(Masterpieces of Fiction, Detective and Mystery Edition)

In the Arthur Crook novels, Anthony Gilbert (Lucy Beatric Malleson) develops a protagonist very different from the fashionable detective favored by her contemporaries. Tough and resourceful but lacking the elegance of Dorothy L. Sayers’s or Ngaio Marsh’s heroes, Crook has the earthy vitality of a Charles Dickens character, and he remains essentially himself, despite whatever complicated action swirls around him. The Crook novels move rapidly and present a vivid and recognizable picture of everyday London life. The characters, especially the minor ones, are sketched with quick, sure strokes, and they arouse the reader’s sympathetic interest. Gilbert’s plots are ingenious and complex; she avoids involvement with legal intricacies but presents clues fairly. Although the volume of her production makes uneven workmanship inevitable, the best of the Arthur Crook novels are entertaining, carefully crafted, and satisfying in their mixture of action and humor.


(Masterpieces of Fiction, Detective and Mystery Edition)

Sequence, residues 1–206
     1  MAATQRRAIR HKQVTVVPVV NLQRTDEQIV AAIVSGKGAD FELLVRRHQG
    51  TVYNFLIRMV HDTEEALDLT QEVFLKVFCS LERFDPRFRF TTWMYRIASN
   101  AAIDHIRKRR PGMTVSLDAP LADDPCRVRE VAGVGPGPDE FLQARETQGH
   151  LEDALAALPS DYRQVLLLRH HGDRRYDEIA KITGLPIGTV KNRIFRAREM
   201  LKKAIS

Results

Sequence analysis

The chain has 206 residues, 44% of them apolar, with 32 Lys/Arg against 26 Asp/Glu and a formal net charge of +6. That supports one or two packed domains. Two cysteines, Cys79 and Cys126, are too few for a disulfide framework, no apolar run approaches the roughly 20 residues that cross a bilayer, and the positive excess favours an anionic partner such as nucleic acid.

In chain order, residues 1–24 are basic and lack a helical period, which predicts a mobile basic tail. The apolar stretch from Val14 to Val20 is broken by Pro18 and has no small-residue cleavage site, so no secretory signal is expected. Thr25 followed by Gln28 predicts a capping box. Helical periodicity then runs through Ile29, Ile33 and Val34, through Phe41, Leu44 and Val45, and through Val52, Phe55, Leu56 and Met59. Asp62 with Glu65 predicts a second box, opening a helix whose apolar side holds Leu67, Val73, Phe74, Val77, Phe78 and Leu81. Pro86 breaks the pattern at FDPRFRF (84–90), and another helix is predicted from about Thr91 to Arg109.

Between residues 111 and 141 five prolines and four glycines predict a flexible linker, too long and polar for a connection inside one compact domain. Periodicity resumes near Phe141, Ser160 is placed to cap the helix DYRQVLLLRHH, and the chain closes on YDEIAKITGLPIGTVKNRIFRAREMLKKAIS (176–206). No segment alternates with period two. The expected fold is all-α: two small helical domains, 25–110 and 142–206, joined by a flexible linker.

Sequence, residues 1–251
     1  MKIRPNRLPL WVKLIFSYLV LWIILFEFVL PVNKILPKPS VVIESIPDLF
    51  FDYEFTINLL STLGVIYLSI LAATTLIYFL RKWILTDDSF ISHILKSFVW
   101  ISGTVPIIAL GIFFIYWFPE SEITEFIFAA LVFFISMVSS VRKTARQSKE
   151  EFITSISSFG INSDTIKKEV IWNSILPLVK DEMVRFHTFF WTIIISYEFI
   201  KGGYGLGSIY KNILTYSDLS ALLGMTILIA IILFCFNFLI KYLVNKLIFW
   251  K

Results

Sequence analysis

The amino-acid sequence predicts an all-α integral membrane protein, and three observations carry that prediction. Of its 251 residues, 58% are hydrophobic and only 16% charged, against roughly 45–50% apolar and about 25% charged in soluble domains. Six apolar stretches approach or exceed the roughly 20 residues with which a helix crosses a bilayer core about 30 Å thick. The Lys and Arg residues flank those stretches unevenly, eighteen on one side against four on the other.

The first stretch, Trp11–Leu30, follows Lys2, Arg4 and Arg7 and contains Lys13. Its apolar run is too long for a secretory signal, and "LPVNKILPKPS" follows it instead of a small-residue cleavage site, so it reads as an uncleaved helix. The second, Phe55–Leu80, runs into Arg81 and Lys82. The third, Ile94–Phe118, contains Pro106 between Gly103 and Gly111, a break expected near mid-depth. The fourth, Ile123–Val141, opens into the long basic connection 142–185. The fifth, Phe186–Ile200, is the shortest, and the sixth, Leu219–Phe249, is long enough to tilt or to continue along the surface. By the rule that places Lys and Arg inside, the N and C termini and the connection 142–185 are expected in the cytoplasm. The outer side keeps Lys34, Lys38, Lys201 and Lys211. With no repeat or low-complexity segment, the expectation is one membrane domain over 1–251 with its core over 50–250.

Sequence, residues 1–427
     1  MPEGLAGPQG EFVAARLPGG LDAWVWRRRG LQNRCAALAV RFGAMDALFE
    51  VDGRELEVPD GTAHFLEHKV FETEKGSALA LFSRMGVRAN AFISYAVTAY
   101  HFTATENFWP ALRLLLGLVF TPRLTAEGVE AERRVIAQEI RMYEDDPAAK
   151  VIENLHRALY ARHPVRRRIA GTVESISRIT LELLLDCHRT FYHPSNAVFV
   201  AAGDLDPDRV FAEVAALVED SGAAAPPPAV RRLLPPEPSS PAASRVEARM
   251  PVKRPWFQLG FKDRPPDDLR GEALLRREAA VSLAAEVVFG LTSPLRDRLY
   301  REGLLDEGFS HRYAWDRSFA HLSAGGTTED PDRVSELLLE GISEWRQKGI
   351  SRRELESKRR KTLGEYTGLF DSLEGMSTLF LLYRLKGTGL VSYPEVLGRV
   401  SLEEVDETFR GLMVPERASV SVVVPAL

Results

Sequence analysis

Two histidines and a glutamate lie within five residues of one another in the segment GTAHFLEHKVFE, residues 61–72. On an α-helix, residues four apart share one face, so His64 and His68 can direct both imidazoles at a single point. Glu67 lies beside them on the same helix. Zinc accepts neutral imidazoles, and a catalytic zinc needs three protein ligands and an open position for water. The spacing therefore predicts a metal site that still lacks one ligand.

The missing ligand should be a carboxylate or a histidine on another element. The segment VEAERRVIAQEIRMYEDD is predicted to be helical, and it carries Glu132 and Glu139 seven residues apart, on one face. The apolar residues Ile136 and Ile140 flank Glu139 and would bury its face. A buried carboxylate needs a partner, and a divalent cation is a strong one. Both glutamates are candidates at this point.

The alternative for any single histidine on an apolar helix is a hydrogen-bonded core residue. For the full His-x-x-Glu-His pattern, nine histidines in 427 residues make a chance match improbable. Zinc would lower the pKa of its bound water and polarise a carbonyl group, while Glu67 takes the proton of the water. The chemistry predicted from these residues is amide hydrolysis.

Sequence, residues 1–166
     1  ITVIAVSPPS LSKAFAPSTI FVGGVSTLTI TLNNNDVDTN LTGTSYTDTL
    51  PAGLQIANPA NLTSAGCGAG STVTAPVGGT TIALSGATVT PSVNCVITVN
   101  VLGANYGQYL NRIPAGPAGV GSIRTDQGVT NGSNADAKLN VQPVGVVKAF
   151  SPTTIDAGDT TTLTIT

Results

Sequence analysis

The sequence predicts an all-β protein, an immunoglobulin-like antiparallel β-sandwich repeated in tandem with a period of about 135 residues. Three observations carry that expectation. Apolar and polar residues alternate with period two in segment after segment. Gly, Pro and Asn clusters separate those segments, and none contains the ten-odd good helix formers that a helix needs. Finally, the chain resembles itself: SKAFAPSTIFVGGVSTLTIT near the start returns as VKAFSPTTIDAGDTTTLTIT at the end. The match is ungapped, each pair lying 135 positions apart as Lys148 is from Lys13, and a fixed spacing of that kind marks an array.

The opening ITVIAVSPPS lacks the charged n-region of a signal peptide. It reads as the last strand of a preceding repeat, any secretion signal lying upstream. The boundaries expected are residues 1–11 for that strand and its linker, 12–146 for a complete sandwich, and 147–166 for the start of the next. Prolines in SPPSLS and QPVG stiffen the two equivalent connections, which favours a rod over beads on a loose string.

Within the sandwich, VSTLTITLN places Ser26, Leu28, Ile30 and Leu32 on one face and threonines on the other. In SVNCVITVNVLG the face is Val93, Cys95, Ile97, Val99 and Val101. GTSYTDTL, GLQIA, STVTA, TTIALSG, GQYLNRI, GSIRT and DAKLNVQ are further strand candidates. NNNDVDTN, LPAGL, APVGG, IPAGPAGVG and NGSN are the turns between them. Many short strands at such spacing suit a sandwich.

Bakerman, Jane S. “Bowlers, Beer, Bravado, and Brains: Anthony Gilbert’s Arthur Crook.” The Mystery FANcier 2 (July, 1978): 5-13. A profile of Gilbert’s most famous character, cataloging his distinctive traits and analyzing his personal style.

Moore, Lewis D. Cracking the Hard-Boiled Detective: A Critical History from the 1920’s to the Present. Jefferson, N.C.: McFarland, 2006. Rare study that treats both the American and the British versions of the hard-boiled detective, providing useful context for the rough-edged Arthur Crook character. Bibliographic references and index.

Scaggs, John. Crime Fiction. New York: Routledge, 2005. Contains chapters on early mystery and detective fiction and the hard-boiled mode, which help put Gilbert’s novels in perspective.

Wakeman, John, ed. “Anthony Gilbert.” In World Authors, 1950-1970. New York: Wilson, 1975. Gilbert is profiled in this massive list of the writers of the world and their accomplishments.